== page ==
• Ron Baza

    A tad harsh, I feel. Platt arrived at a time when he was England captain, and the national team’s best player for a solid three years. Capable on the ball, hardworking, tactically aware, and an excellent goalscorer. He has succeeded at home and abroad, in both Graham Taylor’s functional Villa side and in some far more tactical Italian teams.
    George Graham had spent years trying to sign a top quality central midfielder – Stefan Schwartz turned out not to be that man, Andy Townsend publicly rejected the club several times, and the youth products (Hillier, Morrow, etc) didn’t quite reach the required standard.
    The ultimate problem with Platt was threefold. Firstly, he was very clearly Rioch’s signing, as was Bergkamp. Neither had been touted by Houston, both came in and were expected to take the side up a notch. And, even though he was England’s captain, Platt was an easier and less glamorous scapegoat than Bergkamp.
    Secondly, he was soon eclipsed by other players in his position – Vieira and Pettit were an excellent combination, whereas Anelka was a success but rightly unloved.
    And finally, Platt arrived just as he began his decline. Injuries meant that he lost half a yard of pace (and he had never been lightning quick), and that he didn’t have quite the engine he once did. He became a supporting player for a superb team, rather than the star of a functional one.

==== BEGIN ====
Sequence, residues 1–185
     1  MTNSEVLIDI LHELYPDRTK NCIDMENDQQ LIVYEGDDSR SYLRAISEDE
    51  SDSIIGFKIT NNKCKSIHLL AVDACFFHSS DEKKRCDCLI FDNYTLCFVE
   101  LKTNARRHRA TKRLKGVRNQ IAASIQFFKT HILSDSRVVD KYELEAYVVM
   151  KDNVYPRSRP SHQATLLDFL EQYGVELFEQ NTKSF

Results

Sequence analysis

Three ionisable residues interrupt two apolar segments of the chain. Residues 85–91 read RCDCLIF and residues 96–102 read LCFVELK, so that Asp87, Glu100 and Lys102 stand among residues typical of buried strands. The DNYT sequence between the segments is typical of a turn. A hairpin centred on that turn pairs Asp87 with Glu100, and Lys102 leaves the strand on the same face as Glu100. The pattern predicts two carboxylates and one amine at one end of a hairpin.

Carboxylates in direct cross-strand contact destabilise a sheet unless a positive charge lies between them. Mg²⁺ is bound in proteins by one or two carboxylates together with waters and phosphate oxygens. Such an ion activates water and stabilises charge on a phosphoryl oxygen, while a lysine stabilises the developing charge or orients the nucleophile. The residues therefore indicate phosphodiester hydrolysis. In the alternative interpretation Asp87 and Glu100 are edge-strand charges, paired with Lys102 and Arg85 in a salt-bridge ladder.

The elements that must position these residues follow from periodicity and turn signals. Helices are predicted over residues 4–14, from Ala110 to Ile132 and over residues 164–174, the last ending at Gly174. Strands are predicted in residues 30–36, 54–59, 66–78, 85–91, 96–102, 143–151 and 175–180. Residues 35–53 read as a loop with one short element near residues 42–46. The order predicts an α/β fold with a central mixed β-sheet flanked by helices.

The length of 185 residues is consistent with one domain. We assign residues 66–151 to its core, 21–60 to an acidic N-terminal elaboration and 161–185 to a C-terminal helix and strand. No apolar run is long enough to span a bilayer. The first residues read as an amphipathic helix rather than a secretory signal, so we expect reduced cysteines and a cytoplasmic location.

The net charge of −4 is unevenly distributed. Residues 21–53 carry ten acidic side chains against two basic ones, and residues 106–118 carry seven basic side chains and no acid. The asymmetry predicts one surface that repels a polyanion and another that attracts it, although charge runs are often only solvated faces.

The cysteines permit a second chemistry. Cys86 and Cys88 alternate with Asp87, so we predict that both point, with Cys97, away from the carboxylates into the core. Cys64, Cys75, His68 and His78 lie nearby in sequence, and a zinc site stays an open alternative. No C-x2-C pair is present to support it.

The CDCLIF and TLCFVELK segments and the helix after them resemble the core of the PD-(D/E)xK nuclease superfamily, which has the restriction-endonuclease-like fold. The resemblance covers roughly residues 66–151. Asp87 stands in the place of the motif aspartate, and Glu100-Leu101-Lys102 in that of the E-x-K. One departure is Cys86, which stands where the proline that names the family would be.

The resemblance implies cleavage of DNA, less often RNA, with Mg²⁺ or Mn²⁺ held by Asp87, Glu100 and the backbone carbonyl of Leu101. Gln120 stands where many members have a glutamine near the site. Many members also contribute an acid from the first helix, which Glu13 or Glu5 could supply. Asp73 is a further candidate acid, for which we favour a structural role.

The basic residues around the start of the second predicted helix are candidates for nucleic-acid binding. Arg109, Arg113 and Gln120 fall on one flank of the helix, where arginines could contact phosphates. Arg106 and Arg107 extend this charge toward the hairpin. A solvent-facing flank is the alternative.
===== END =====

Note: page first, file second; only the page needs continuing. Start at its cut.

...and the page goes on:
All of which means I can understand why Platt wasn’t loved. But he surely deserves respect – a very good player who did well in the autumn of his career at Highbury.

  • Nigel

    I was disappointed he did not stay on for the next season, along with Ian Wright, as both would have been vital squad members in pusuit of the European Cup. Alas without them we were not successful. Perhaps in both their cases they didn’t fancy not being first choice anymore. I think the form of Ray Parlour under Arsene Wenger was the reason what kept Platt out of the team.
    He is I think one of those footballers remembered for his excellent international career with England rather than with any of his clubs. He was succeeded of his England captaincy by his club captain Tony Adams at the start of Euro ’96 but still stayed and played with the team. A fine sportsman.